Professional Development
Accelerators / Nonprofits / Youth

A new nonprofit is granting $100k to orgs that help teens navigate their relationships with tech

The Young Futures Innovators Cohort kicked off this week in DC, with a goal of addressing the gap in support for nonprofit leaders.

The Young Futures Innovators Cohort. (Courtesy Young Futures)

A new organization is providing funding and resources to foster belonging and wellness among teens, outside the chaos of social media and the internet. 

Young Futures, which launched in March at South by Southwest, announced its inaugural Young Futures Innovators Cohort earlier this month. This accelerator is made up of 10 nonprofits, each focused on helping youth have healthier relationships with technology — and one another. 

“Teenagers, their families and the adults that love them have been left on their own to figure out how to grow up in the digital world,” said Katya Hancock, Young Futures’ founding executive director, who’s based in Berkeley, California. 

“We’re really here to: a) make it easier to grow up in the digital world, and b) lift up a whole ecosystem of solutions that are already working with teens and preteens in their communities,” Hancock said.

The cohort, which includes organizations from across the nation, will participate in six months of workshops about topics like accounting, legal tips and storytelling, as well as one-on-one mentoring. Each nonprofit will also receive $100,000. 

Most of the program will take place virtually, but the program kicked off with an in-person retreat in DC that culminated this week. The DC connection is strong: Seeded by Pivotal Ventures, Susan Crown Exchange and The Goodness Web, Young Futures is fiscally sponsored by the New Venture Fund, a DC-based organization that sponsors other nonprofits including the Climate Justice Resilience Fund and the Trusted Elections Fund.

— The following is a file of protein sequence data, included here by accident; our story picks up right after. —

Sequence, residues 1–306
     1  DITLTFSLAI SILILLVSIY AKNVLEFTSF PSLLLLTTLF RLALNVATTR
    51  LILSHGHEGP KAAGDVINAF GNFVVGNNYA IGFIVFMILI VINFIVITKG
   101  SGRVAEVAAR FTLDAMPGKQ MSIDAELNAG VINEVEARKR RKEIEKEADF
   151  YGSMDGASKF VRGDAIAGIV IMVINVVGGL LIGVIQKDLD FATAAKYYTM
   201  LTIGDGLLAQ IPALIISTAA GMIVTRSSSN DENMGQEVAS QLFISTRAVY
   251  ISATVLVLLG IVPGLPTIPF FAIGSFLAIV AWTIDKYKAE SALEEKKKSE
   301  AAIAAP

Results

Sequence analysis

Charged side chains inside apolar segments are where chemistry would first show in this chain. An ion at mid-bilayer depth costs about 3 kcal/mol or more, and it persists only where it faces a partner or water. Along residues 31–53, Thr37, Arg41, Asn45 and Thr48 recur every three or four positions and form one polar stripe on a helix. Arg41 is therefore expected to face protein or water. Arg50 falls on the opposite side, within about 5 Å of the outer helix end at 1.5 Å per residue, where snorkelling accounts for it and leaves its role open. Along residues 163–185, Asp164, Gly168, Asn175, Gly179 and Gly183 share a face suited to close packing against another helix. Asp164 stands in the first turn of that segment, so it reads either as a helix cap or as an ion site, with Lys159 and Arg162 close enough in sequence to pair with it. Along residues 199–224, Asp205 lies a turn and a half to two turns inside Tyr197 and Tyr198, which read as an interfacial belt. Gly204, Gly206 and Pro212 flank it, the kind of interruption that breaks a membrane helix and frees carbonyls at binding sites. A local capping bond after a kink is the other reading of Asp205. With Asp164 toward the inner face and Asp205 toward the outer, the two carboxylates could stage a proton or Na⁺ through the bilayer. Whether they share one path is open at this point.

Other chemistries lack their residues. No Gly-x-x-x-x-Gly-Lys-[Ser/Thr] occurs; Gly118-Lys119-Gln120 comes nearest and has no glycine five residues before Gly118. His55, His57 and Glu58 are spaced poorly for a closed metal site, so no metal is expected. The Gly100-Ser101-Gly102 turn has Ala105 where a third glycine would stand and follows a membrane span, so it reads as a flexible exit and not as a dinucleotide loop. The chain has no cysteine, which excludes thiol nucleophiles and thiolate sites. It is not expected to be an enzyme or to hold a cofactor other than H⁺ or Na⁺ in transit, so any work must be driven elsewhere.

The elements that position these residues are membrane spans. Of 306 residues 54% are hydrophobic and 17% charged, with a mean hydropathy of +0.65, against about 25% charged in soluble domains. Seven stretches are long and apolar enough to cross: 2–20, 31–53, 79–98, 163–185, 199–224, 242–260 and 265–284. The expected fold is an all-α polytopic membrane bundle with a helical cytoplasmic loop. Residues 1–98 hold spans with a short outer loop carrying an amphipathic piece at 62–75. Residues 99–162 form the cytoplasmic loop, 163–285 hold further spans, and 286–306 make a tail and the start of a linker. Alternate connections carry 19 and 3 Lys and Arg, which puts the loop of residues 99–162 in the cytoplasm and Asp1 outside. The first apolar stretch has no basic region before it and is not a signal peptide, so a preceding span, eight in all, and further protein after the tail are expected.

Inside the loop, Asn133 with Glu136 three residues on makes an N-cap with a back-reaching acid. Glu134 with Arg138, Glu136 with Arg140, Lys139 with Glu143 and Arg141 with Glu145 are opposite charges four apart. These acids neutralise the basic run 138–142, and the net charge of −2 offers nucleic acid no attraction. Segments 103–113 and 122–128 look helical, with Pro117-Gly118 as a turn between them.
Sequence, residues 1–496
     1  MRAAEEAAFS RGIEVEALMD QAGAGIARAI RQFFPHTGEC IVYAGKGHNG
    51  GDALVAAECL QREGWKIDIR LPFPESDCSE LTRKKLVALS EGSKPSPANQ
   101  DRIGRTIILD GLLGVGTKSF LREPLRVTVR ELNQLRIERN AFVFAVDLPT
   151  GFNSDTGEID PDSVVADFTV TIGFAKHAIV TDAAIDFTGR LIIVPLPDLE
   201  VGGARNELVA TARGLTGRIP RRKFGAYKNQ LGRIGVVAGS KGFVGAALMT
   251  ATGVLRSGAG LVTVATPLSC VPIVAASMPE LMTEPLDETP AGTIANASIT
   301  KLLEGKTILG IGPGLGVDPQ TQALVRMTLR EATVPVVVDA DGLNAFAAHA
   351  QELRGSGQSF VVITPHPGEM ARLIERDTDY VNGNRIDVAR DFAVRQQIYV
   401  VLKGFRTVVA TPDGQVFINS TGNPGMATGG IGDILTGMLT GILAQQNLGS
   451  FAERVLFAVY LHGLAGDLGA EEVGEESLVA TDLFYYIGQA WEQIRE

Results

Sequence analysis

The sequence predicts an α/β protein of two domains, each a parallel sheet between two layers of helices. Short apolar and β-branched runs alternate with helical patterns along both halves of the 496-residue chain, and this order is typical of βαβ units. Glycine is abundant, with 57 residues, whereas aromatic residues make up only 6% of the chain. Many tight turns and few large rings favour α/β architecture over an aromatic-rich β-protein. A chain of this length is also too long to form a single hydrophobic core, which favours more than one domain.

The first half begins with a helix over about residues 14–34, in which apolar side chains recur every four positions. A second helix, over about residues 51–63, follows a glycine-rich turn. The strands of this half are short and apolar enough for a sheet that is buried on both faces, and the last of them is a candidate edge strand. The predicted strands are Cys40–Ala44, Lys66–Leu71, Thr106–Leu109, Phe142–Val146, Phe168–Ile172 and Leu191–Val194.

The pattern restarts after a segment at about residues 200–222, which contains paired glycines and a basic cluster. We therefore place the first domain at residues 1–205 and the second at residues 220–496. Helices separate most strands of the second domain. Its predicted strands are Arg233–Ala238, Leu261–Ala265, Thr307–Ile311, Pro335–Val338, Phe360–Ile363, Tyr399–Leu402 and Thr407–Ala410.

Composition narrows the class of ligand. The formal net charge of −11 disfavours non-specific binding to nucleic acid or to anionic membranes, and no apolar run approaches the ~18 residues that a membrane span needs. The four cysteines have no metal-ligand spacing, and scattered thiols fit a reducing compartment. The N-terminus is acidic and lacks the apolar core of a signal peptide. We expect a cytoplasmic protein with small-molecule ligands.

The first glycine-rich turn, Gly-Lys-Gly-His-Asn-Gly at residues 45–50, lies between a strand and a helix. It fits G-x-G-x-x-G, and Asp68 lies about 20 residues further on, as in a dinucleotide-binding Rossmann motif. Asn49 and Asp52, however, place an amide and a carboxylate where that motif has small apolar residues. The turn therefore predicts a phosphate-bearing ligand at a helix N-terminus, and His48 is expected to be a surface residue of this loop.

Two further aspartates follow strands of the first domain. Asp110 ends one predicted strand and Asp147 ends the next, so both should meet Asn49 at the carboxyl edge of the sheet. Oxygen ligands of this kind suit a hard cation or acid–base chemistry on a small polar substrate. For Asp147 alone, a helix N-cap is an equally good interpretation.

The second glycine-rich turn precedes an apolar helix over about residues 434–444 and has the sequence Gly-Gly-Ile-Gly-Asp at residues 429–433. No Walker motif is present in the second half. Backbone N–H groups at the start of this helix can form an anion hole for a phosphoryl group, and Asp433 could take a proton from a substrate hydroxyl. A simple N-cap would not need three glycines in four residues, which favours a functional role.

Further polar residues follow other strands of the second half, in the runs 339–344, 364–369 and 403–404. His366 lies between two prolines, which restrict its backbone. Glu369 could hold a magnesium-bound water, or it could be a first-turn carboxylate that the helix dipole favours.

The accelerator will culminate in an online showcase, per Hancock, where members of the cohort will pitch and present their nonprofits to a virtual room full of funders, potential partners, educators and teens themselves. 

Addressing a gap in nonprofit leadership support 

Before starting Young Futures, Hancock helped build the firm StartUp Health, a New York-based investment company that supports entrepreneurs working to address pressing health problems like Alzheimer’s and addiction. 

Now she wants to provide similar assistance for nonprofits, where she sees a disconnect in leadership support. 

“In the startup world, which is where I’ve spent most of my career, there are a lot of programs like this for entrepreneurs and CEOs of startups,” Hancock said. “We’re not just funding, we’re providing this capacity support to help them develop as leaders and get to where they want to go.”

This cohort’s participating organizations come from locales as varied as New Orleans, San Francisco and Louisville. They include Illinois-based ReThink Citizens, which aims to curb cyberbullying by detecting offensive content; and agapi.kids, founded by a New York University professor whose artificial intelligence tool works to help kids build up relational intelligence. 

More than 200 nonprofit organizations applied to be a part of the cohort. The applications were reviewed by a six-person committee, half of which was young people. 

The accelerator and its organizations’ priorities reflect a reality of teens’ widespread digital accessibility. In a 2023 study by Pew Research Center, about half of teens reported that they use the internet “almost constantly,” and nearly all said they use the internet at least on a daily basis

Meet the full inaugural cohort

Hancock stressed that the solution is not to totally cut out young peoples’ screen time, but to give them and their families options and tools that are best for the individual. It’s more complicated than just limiting internet and social media access, she said, and conversations need to come from a place of understanding.  

“Young people are living in this state of digital tension. And by that, I mean most teenagers know they’re on their phone too much,” Hancock said. “A big part of our ethos is coming at these challenges young people are facing with a lot of empathy because they are growing up in such a different way than a lot of us did.”

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